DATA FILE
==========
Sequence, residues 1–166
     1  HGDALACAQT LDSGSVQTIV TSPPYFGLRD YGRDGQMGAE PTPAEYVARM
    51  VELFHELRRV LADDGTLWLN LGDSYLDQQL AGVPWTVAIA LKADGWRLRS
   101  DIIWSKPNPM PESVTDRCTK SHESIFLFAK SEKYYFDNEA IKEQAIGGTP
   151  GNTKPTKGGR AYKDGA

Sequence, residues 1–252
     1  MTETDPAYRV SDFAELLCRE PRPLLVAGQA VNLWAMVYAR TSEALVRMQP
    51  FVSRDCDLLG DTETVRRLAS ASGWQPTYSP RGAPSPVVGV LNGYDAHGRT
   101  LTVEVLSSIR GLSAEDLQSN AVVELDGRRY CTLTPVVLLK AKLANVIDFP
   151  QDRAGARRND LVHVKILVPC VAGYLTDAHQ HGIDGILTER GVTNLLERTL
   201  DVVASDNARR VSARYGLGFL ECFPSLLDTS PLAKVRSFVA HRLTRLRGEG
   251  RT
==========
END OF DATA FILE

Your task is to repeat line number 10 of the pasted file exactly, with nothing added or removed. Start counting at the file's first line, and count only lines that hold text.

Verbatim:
   151  QDRAGARRND LVHVKILVPC VAGYLTDAHQ HGIDGILTER GVTNLLERTL